berry-farmGreen is not the first color one notices upon arrival at Georgia Mountain Berry Farms in Eastanollee; red is. Acres and acres of Georgia’s famous red clay. In the middle of it all, on a gently rising hill, Arthur Thomas is having a (green) building erected – the headquarters of his blackberry farming operations.

Started in 2008 with a loan from ACE (already paid off), the enterprise is gearing up for expansion in the coming years. There is, on this 45-acre property, plenty of room for it. Blackberries may be complemented by blueberries; beans, corn, tomatoes and okra will be there as well. But it’s the blackberries that are the main focus.

Last year, with newly installed plants, the farm yielded close to 40 gallons of the sweet, dark fruit. This year, there will be much more. Thomas showed a visitor around the other week, just as the plants began to leaf out, and mentioned the three forms of business a farm such as his can pursue: PYO (pick your own, as has been popular around the state with strawberries, blueberries and even Christmas trees), packaging for the wholesale market, and in an “added value” model (e.g. jams and jellies). Thomas is making plans for the wholesale market.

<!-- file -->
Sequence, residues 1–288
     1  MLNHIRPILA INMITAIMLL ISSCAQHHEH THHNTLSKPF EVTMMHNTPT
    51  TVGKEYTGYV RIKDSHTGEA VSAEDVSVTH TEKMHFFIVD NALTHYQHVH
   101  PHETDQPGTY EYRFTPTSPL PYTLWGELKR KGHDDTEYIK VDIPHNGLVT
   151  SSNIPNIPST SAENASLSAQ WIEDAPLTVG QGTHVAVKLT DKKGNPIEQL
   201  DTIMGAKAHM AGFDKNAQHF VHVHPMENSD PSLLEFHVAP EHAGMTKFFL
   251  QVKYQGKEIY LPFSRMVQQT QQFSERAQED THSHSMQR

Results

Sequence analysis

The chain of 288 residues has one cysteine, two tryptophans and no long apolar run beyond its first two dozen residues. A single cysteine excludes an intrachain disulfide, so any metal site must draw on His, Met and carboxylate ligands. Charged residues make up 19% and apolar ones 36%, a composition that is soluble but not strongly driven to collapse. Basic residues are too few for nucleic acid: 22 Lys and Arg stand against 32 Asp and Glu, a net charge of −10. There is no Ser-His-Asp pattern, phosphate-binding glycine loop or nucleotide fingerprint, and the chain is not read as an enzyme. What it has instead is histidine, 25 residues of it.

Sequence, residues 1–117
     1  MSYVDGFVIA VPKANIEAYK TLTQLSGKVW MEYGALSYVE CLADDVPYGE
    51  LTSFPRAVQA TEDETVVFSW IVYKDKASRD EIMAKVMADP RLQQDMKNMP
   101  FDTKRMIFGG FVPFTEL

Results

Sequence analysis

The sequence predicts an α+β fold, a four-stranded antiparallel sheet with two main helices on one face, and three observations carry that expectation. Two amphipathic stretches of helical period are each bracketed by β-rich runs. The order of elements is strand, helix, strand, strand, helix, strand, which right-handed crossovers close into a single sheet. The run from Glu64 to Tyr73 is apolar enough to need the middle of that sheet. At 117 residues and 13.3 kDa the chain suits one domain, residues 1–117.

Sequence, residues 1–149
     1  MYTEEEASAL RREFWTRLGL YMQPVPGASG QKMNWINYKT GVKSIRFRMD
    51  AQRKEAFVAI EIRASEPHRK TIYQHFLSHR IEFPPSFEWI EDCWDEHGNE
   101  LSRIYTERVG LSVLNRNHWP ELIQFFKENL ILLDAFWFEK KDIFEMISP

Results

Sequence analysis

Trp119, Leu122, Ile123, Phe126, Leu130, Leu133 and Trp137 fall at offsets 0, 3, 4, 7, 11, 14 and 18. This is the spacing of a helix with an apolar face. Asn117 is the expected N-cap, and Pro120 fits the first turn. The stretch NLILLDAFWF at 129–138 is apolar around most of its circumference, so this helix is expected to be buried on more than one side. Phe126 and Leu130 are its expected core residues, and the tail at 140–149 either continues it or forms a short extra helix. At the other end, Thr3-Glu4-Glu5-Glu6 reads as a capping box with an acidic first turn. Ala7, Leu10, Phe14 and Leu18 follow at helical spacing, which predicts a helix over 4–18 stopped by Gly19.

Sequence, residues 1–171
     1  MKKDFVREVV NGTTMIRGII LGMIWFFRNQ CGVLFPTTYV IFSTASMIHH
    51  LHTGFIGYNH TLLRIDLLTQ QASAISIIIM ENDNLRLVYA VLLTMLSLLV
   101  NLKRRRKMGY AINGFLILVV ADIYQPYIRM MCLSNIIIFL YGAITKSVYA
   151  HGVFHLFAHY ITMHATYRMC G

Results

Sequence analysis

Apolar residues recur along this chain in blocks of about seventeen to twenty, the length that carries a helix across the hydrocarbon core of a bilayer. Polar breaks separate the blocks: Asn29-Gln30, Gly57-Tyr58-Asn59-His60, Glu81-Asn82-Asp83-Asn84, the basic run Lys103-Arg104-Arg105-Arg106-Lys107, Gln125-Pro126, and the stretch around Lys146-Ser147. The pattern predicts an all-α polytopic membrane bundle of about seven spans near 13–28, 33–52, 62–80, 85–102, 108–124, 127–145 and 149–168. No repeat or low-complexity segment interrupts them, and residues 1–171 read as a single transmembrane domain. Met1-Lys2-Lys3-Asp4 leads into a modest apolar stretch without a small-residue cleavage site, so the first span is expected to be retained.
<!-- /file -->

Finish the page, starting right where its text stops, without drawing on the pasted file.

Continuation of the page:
Georgia Mountain Berry Farms currently has three part-timers working alongside Thomas (“my grandson and two high school buddies of his”, he explains), but the idea is to eventually have an operation that employs 15 to 20 local people. “This area used to be all textile,” he mentions, and adds that it can become an “agricultural force” in Northeast Georgia. “The people here are hard-working, energetic and smart,” he tells his visitor, “and all we need is opportunity. His vision reaches far beyond the blackberries, the 45 acres and the red clay hills, going to a “Georgia Grown / Georgia Made” co-op of furniture makers, agricultural growers and producers of added-value products.

For now, though, he tends his blackberry orchards, accompanied by one or more of the four cats that are part of the staff. “Mice love blackberry roots,” he explains, “and nothing works better against them than cats.”

Arthur Thomas, Georgia Mountain Berry Farms, Eastanollee, GA, 706-491-6851


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